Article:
The flurry of hysterics today forces at least some political equation to be front and center for our analysis. It may seem like markets are increasingly uneasy about a Trump impeachment, but I think that is the wrong political framing. Putting growing market pessimism into the context of “reflation”, what is more likely driving anti-reflation today in particular is not that Trump may be gone by vote of Congress but rather that he will be seriously wounded politically such that all the various things “reflation” was counting on are less likely to ever happen. Tax reform? Impeach Trump. Replace Obamacare? Impeach Trump. Gutting the regulatory state? Impeach Trump.
The same can be said of the modern-day bull run the world both celebrates and derides, trading day in and trading day out – it runs like silk on steroids. But unlike the practical birth of its Pamplonan predecessor, there was an overabundance of pomp associated with the grave circumstances that marked the advent of the current stock market run born in March 2009 from the beneficence of commandeered central bankers……. The bears have sat bitterly idle while their full-bull counterparts have racked up massive paper gains. As sure as salt finds an open wound, some of their professional peers will even be nimble enough to monetize their handsome profits and go off, as it were, into the wild blue yonder, or at least the Hamptons, which is a lot closer. But history also dictates that most of today’s bulls will be fried to a crisp and lose it all. Such is the nature of the beast. Why else would he be called bestial?
Two stories are now dominating the headlines: one is something the Establishment wants you to pay attention to, and the other is something they want to bury. First off, to the former: The Washington Beltway is in an uproar over the latest Deep State attempt to tar the President of the United States as a Russian agent: they’re claiming Trump gave super-duper Top Secret information – provided, it turns out, by the Israelis – to the Russians during a meeting with the Kremlin’s Foreign Minister and their ambassador at the White House…..The other story, however, is something our spooks don’t want you to even know about. Fox News reported earlier today [Wednesday] that the private investigator hired by the family of Seth Rich – but paid for by a third party – is now saying there’s solid evidence that Rich – a former DNC employee, embedded in their computer operations – was in contact with WikiLeaks.
Gold’s getting a boost from the turmoil surrounding Donald Trump’s administration. The metal climbed for a fifth day, the longest run in a month, on reports that the president asked FBI Director James Comey to drop an investigation into a former National Security Adviser. The dollar has dropped and European stocks fell amid the latest controversy, which prompted references to the 1970s Watergate scandal that helped to sink the then president, Richard Nixon.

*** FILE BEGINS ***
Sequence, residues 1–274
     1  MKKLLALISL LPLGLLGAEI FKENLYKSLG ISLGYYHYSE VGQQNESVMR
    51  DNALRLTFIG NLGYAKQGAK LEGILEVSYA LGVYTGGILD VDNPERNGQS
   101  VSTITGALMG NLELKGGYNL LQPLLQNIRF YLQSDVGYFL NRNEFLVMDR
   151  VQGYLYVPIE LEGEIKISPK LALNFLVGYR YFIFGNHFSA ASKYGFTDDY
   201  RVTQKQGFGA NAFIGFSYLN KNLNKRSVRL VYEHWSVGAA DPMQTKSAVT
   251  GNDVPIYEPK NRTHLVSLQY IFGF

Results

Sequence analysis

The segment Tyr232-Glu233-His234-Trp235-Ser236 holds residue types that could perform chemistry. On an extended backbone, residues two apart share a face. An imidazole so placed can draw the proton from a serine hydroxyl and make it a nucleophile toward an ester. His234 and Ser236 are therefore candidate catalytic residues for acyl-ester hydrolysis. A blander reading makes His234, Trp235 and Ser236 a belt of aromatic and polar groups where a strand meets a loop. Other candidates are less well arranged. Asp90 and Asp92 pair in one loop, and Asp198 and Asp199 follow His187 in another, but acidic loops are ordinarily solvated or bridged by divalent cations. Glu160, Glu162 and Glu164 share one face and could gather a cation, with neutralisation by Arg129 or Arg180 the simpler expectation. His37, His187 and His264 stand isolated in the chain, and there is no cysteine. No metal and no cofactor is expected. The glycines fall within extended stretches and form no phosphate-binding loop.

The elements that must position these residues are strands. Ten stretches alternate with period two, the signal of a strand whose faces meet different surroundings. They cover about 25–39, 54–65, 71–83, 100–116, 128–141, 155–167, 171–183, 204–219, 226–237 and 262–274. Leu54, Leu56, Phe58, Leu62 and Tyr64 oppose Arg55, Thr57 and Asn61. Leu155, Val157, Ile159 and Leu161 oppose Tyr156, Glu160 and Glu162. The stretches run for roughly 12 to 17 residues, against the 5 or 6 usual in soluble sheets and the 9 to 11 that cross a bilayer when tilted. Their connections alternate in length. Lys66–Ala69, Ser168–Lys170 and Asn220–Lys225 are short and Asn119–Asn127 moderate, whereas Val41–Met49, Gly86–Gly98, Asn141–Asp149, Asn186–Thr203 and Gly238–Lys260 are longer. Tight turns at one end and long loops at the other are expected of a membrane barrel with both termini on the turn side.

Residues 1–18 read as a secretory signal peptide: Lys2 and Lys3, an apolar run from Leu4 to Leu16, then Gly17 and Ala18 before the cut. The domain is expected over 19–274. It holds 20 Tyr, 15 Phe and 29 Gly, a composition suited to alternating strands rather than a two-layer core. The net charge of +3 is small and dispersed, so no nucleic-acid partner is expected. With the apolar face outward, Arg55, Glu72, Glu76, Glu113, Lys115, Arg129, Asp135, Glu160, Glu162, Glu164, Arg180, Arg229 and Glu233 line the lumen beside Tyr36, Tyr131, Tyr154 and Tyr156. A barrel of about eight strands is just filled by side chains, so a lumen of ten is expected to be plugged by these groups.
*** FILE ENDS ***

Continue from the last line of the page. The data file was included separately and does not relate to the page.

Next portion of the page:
With James Comey’s firing, we’re told the FBI is in turmoil, and Washington DC cocktail parties are all atwitter over the excitement of the scandal. But don’t worry about the FBI. If history has proved anything, the Bureau, no matter how much chaos it may endure, can always rely on a fat check from Congress — funded by the American taxpayers. But why does the US need a huge national police force at all? Can’t state police forces do just as well? The FBI continues to assert never-proven claims that bigger governments are better at law enforcement than smaller onces. This myth is not only untrue, but very expensive for taxpayers.
This time Fitch was right. One month ago the rating agency listed 8 retail names that were most likely to file for bankruptcy next, just over a month later 1 out of the 8 was down, when teen clothing retailer Rue21 filed a prepackaged bankruptcy on Monday night in Pennsylvania bankruptcy court.
The much ballyhooed second quarter recovery is firing on about 1/2 cylinder out of 4. April housing starts came in at 1.172 million Seasonally Adjusted Annualized (SAAR), were well under the Econoday consensus estimate of 1.256. March was also revised lower from 1.215 million to 1.203 million.
The global asset class of collector cars – these beautiful machines are perhaps one of the most enjoyable asset classes to play in – is quietly but persistently and very unenjoyably experiencing a downturn that parallels and in some aspects already exceeds the one during the Financial Crisis.The index for collector car prices in the May report by Hagerty, which specializes in insuring vintage automobiles, fell 0.68 points to 160.06, down nearly 10% year-over-year, and down 14%, or 25.8 points, from its all-time high in September 2015 (185.86).
President Donald Trump’s proposal for $54 billion in domestic spending cuts in the next fiscal year reflects priorities that “aren’t necessarily ours,” and he can expect a Republican-led Senate to make changes, Senate Majority Leader Mitch McConnell said Tuesday. “It will be a process of negotiation,” the Kentucky Republican said in an interview with Bloomberg News. “We haven’t paid a whole lot of attention to any president’s budget since I’ve been here.”
The Edward Snowden case provides a good example of how the conversion of the federal government from a limited-government republic to a national-security state has warped and perverted the morals, values, principles, and consciences of the American people.